End of the line for the Energy East pipeline?

by chuynh on October 5, 2017 - 7:24pm

Over the past few years Canada has become extremely reliant almost to a debatable point of being overly-reliant on natural resource extraction and falling into a staples economy trap where we have to think "what would happen to the economy if we run out of natural resources or natural resource prices drop?" . This is evident in the proposal’s of many resource transportation pipelines such as the East pipeline and the Keystone XL pipeline purposed by transCanada . The purpose of these pipelines was to transfer natural resources such as natural gasses and oil down from Saskatchewan and Alberta to other locations such as east cost Canada or to US markets.

 

So why exactly have I brought up the this big topic? Well after what has been several years of the government continually attempting to add into Canadian economies through staple resources, disputes between the Canadian government , companies, first nations, environmentalist and other stakeholders , and a constant push to move the plan forward , we finally a break through in terms of dealing with the conflict of values, and interest of all stakeholders in a way we were not expecting. As of October 5th of 2017 TransCanada has stated that they are unplugging and ending their plans for the Energy East pipeline after five years of work, money, and resources that was planned to be built from Hardisty ,Alberta all the way to Saint John, New brunswick according to the CBC news article “TransCanada pulls plug on Energy East pipeline”  that summarizes the viewpoints and reasoning behind such actions and the reactions that came with it. 

 

 

So why is this great for some Canadians? A major concern for many First Nations is the fact that according to section 35 of the Commandant the government (a.k.a the crown) must consult Aboriginals when regarding and involving their lands which even with many Aboriginals refusing to agree to the governments plans they government still pushed forward. Now that the plan for the East pipeline is thrown into the water many Aboriginal people felt vindicated and as stated in the CBC news article “TransCanada pulls plug on Energy East pipeline” that “Both the Northern Gateway fight and this Energy East one show that when First Nations stand together, supported by non-Indigenous allies, we win," said Grand Chief Serge Simon of the Mohawk Council of Kanesatake.”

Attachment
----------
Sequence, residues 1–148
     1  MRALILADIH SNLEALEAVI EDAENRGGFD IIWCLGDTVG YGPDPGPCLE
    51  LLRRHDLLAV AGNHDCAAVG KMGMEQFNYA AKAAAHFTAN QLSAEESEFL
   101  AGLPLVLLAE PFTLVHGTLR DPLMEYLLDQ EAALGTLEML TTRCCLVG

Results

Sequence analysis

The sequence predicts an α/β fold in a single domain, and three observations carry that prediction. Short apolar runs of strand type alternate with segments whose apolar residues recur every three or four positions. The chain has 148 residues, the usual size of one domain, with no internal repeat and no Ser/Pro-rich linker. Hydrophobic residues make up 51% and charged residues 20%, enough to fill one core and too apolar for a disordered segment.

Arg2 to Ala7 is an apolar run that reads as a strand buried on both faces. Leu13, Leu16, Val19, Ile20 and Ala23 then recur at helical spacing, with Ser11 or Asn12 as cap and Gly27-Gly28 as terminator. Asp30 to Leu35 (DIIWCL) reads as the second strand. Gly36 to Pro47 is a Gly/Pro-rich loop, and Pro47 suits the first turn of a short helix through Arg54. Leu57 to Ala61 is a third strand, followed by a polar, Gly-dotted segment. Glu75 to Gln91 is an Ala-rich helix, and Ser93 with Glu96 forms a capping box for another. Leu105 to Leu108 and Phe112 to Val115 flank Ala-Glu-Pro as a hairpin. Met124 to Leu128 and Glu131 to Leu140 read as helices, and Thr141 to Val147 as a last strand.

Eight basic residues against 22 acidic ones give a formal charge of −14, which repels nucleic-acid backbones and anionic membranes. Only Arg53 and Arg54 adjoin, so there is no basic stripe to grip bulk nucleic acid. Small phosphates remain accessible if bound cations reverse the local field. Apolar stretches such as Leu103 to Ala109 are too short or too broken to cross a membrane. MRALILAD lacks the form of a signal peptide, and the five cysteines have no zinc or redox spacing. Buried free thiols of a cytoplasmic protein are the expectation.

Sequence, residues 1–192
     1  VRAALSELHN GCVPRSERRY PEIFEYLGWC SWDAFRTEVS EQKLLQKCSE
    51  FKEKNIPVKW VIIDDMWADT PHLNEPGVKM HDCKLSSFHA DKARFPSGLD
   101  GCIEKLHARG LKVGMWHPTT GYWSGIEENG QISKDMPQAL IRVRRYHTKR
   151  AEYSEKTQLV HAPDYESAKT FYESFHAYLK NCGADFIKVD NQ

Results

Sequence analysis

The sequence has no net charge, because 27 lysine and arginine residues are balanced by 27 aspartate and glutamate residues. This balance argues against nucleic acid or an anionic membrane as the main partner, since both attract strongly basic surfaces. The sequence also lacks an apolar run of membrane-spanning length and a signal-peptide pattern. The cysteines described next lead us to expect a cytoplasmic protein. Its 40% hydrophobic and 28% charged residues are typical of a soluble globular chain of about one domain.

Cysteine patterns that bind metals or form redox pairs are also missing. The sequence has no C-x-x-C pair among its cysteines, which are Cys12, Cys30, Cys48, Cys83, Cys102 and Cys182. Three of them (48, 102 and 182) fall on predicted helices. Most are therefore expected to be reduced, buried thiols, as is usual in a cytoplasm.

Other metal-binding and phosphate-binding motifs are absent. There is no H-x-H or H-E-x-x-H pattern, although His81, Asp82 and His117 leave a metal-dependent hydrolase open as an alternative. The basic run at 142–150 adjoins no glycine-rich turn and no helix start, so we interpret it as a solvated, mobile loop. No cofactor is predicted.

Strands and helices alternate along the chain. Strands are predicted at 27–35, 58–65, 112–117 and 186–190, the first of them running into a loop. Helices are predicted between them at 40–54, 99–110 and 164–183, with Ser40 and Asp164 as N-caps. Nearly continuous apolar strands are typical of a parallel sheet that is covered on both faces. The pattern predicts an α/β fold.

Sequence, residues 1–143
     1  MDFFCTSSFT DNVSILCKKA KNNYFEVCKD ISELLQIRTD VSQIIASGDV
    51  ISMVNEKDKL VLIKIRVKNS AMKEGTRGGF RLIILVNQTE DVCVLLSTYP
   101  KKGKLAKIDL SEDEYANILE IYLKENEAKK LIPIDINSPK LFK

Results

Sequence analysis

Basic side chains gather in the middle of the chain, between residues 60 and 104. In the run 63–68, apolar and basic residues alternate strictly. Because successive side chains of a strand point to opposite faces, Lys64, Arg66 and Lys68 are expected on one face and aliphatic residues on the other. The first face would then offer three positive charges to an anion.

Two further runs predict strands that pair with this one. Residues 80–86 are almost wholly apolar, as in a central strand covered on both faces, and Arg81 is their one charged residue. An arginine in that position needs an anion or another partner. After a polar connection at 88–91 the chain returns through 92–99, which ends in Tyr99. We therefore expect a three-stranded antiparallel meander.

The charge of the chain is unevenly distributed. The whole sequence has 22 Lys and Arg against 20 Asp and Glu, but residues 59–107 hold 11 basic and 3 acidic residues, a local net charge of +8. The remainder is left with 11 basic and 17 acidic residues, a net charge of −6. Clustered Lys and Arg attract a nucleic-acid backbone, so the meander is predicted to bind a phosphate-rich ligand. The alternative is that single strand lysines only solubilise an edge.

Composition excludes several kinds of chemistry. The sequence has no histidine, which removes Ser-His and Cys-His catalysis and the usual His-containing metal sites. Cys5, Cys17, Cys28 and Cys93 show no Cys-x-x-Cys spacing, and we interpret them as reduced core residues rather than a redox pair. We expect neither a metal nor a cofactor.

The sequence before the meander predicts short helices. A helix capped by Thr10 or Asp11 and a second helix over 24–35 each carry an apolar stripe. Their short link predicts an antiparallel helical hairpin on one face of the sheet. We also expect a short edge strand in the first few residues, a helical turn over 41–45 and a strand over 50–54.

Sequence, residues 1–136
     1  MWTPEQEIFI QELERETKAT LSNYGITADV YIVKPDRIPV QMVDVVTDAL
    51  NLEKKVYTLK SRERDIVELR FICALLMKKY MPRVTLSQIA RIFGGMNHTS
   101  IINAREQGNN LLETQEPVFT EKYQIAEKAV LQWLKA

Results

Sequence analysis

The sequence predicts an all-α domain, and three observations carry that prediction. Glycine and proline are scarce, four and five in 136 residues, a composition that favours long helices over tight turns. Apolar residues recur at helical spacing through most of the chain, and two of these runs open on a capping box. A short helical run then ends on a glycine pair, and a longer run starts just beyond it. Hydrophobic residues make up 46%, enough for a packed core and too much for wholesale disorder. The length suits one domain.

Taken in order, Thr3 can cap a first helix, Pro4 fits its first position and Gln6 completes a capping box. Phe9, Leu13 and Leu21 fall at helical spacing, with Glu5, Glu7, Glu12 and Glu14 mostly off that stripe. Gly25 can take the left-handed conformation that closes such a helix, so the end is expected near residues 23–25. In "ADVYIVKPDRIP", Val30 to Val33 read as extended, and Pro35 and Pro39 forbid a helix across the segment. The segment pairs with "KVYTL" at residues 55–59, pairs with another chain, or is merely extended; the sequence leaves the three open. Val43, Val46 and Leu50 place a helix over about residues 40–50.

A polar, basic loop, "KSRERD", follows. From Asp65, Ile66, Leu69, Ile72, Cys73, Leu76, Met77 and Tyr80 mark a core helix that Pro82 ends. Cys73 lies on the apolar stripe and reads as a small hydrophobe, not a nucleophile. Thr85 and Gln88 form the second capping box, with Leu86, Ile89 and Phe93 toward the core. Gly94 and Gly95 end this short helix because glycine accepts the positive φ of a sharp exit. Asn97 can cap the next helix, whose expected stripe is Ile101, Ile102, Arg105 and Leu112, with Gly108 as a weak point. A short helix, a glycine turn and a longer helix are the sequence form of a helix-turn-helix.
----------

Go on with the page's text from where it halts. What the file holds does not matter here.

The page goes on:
Other people concerned with possible environmental activities and disruptions caused by the project can now breath easy as these risk will not exist any more , but whatever has been done can’t be undone.

 

For those who were pro pipeline due to the job opportunities and money that ran with the project it appears they will just have to learn to invest their resources in other places.

 

The most interesting part of this plan in my opinion and when reasoning the article as a concluding statement would be that according to the CBC article is that the reason that the conflict between the government , pipeline company, investors, aboriginal people, environmentalist, and other stakeholders was resolved was not because both sides now share the same values and interest, it just happens that the pro pipeline stakeholders who have a lot of power in the project lost interest because the value they would get from this project diminished as stated the article regarding the lack of money that would come out of the project due to drops in crude oil.

 

 

Article:

http://www.cbc.ca/news/business/transcanada-energy-east-1.4338227

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Comments

Canada was actually built on a staples economy. The British used Canada for their resources and only colonized to extract resources more easily. Resource extraction can be quite damaging to the environment and to those who depend on nature as a part of their livelihoods. Although oil can create many jobs for people it is more often then not that these people are not locals, who need the jobs.

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